Related Content: Michigan

That Presidential Voice

On The Radar

Mitt Romney’s narrow win in his home state of Michigan and his comfortable victory in Arizona salvaged his presidential candidacy, if not his former aura of inevitability, and remade the Republican nominating race yet again. “We didn’t win by a lot but we won by enough, and that’s all that counts!” Romney said in slightly goofy understatement.
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PBS NewsHour: Deconstructing a Republican Hopeful's Road to 1,144 Delegates

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The Republican Party's eventual nominee needs to secure 1,144 delegates. With wins in Michigan and Arizona Wednesday, Mitt Romney leads the GOP field with 135. Gwen Ifill discusses Super Tuesday, when a sizable 419 delegates are at stake, with Political Editor Christina Bellantoni and Frontloading HQ's Josh Putnam.

He’s Alive!

On The Radar

In the state where Mitt Romney was born, his campaign did not die. Despite his many advantages in Michigan, the race was a nail-biter. In the end, Romney won 41 percent of the vote to 38 percent for Rick Santorum. “We didn’t win by a lot, but we won by enough but that’s all that counts,” said Romney at his victory party, looking relieved to have survived another near-death experience. In Arizona, he clobbered the former Pennsylvania senator 47 percent to 26 percent. By the end of the night, Romney captured more than 30 new delegates.

Mitt Romney Survives Michigan Primary, Looks to Super Tuesday

On The Radar

February was supposed to be Mitt Romney’s month, a time when he could put distance between himself and his rivals for the Republican nomination with a series of contests on generally friendly terrain. Instead it turned into a grinding endurance test far more difficult than anything he or his campaign had imagined.
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Michigan and Arizona: Bruising GOP Primaries Brighten Obama’s Prospects

On The Radar

When President Obama accused Republicans who opposed the auto industry bailout of peddling a “load of you know what,” he might have been describing the residue in Michigan and Arizona for Republicans now that the two primaries are over. Obama is in better shape in both states since the GOP circus came to town, with higher favorable ratings than before and with an elevated profile among key constituencies, like blue-collar voters and women who have new appreciation of his handling of the auto bailouts and the contraception issue.

PBS NewsHour: If Romney Loses Michigan, 'All Bets Are Off'

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Ahead of crucial primaries in Michigan and Arizona, GOP hopeful Mitt Romney focused on federal spending while Rick Santorum said religion should play a wider role in public policy. Gwen Ifill discusses the state of the GOP primary battle with USA Today's Susan Page and The Rothenberg Political Report's Stuart Rothenberg.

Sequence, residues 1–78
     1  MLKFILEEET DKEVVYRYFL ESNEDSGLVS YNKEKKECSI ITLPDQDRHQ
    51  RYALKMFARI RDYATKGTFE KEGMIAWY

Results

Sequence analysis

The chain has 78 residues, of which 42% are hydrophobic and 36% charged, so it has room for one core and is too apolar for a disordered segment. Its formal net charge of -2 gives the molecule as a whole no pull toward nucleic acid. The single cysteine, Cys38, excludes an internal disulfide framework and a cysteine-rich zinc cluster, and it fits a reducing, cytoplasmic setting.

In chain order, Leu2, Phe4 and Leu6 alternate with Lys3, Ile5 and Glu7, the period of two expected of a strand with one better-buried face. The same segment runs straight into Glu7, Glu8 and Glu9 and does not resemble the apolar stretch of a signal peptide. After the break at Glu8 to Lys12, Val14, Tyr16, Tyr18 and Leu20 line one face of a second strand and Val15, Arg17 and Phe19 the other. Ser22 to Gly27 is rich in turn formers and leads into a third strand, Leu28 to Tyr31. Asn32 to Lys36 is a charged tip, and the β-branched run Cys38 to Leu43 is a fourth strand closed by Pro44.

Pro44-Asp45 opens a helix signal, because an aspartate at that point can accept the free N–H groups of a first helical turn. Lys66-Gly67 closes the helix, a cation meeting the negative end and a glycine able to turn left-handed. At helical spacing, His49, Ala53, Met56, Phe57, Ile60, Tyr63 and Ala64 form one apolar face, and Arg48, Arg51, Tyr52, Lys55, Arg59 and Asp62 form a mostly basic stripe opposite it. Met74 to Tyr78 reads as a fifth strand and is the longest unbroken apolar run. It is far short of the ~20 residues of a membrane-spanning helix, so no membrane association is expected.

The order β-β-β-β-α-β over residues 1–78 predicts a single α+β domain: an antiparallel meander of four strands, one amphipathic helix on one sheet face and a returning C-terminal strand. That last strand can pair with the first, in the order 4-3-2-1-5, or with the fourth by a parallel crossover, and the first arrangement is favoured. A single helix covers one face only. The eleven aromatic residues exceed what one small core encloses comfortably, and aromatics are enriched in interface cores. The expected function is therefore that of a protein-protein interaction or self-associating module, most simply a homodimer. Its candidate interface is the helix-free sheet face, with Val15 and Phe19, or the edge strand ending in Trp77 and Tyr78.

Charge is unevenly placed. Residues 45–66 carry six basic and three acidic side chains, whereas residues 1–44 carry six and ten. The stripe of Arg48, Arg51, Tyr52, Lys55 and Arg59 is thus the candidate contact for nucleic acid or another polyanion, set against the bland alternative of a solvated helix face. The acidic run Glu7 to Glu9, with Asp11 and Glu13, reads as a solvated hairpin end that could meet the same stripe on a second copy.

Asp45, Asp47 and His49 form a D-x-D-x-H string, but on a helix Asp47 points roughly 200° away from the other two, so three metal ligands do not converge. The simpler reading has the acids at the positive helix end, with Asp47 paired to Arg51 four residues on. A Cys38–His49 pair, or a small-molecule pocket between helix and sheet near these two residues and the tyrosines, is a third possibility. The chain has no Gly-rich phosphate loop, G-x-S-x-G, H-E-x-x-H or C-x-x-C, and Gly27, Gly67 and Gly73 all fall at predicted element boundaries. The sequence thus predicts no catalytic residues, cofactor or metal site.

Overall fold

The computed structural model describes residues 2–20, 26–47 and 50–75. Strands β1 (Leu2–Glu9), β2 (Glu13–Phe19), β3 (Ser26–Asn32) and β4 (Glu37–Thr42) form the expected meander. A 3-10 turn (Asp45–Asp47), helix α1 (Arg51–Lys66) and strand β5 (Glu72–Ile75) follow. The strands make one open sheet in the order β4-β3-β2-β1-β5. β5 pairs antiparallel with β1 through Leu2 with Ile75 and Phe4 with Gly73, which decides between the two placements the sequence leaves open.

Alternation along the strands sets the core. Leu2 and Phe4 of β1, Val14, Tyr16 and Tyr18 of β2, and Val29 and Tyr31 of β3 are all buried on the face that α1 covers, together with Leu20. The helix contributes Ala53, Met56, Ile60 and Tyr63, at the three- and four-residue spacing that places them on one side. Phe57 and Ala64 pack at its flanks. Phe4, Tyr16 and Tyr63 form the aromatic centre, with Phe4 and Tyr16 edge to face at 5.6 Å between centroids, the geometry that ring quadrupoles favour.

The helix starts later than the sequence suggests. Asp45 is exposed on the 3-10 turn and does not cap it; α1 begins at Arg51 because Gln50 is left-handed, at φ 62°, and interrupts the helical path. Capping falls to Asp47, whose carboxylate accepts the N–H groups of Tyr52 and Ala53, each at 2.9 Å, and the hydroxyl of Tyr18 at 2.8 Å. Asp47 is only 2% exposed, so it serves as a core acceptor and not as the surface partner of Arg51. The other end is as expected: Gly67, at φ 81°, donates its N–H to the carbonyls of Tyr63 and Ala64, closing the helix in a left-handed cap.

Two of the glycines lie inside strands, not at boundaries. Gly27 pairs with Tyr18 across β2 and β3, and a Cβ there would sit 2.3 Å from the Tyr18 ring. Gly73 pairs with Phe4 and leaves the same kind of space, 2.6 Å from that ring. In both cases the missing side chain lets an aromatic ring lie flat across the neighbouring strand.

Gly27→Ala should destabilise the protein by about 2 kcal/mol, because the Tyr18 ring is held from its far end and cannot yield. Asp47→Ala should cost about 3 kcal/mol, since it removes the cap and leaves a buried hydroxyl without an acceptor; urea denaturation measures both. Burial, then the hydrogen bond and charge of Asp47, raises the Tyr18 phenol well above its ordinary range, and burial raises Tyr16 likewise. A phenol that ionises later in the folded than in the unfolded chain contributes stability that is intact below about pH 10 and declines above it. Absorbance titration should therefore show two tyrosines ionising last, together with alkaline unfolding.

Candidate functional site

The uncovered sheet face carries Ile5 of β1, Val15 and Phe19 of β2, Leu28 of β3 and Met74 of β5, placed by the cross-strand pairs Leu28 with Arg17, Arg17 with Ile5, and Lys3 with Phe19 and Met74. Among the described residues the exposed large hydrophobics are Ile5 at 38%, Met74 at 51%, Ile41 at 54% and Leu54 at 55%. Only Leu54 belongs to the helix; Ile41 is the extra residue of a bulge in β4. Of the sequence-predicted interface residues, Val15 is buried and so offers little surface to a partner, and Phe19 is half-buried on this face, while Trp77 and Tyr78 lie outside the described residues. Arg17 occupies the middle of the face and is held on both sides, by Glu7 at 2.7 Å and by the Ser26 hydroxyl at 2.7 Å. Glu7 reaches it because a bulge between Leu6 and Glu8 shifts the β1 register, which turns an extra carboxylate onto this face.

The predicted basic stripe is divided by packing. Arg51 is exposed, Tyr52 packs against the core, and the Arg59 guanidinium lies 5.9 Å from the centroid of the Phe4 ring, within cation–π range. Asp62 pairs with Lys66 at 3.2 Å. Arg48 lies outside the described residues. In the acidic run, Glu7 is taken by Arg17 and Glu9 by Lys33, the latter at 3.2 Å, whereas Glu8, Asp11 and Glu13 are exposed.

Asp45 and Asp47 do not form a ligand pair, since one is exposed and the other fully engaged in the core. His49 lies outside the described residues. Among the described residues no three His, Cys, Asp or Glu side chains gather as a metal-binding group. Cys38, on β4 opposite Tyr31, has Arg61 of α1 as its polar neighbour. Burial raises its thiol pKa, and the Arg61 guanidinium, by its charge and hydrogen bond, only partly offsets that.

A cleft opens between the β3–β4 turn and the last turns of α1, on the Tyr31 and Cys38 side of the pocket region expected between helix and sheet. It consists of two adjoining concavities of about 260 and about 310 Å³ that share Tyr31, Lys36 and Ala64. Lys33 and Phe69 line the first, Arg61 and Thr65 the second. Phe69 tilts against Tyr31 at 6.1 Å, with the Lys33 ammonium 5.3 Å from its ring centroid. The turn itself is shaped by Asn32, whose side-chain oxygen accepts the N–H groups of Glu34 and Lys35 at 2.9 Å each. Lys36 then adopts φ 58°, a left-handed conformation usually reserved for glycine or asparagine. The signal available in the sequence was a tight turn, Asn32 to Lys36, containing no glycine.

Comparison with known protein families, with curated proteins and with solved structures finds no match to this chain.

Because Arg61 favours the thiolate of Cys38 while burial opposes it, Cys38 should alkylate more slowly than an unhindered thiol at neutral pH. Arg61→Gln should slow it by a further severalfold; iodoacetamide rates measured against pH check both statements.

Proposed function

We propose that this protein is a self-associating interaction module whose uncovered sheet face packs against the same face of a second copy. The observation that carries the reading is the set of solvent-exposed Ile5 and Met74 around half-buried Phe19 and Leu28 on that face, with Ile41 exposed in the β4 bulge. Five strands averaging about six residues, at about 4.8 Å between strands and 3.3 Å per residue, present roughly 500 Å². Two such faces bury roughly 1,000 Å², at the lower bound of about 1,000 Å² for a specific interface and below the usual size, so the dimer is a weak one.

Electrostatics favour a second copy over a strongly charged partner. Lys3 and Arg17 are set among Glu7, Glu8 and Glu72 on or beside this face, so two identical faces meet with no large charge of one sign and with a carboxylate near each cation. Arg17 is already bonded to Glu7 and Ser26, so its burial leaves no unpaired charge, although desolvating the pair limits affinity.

I’m One of You! No, Really!

On The Radar

Mitt Romney reminds voters at every campaign stop in Michigan that he is a local boy. He points out school friends, the cemetery where his parents are buried—his father picked the plot because it was the cheapest—and talks about vacations they took in his family’s rambler. In Traverse City on Sunday, he delighted the packed house on how he stole his first kiss from his wife Ann on a beach down the road. It seems to be working.

Tight Race in Michigan

On The Radar

Polls show Mitt Romney and Rick Santorum in a close race for Michigan’s Tuesday primary. Jeff Zeleny reports.
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Mitt Romney and Rick Santorum (CNN)
 

Voice of the Voters: Michigan Youth

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Despite the government bailout that helped save Michigan’s auto industry, the state is still recovering. Young voters there who are ready to enter the workforce are facing tough job prospects. We hear one student's story and the economic uncertainty that hovers over Michigan in this report from Michigan State University student Anthony Sabella for our Washington Week Voice of the Voters feature.

 

Out of Air in Arizona

On The Radar

he 20th and perhaps final Republican presidential debate wheezed across the finish line and collapsed. At times it felt like the candidates had already talked themselves out on the big themes and could only bicker over table scraps. There was a long symposium on how earmarks and the congressional appropriating process work. Then, there was a confusing discussion of Arlen Specter, his re-election, and the judiciary committee. Who won? Ask the undecided Republicans in Michigan.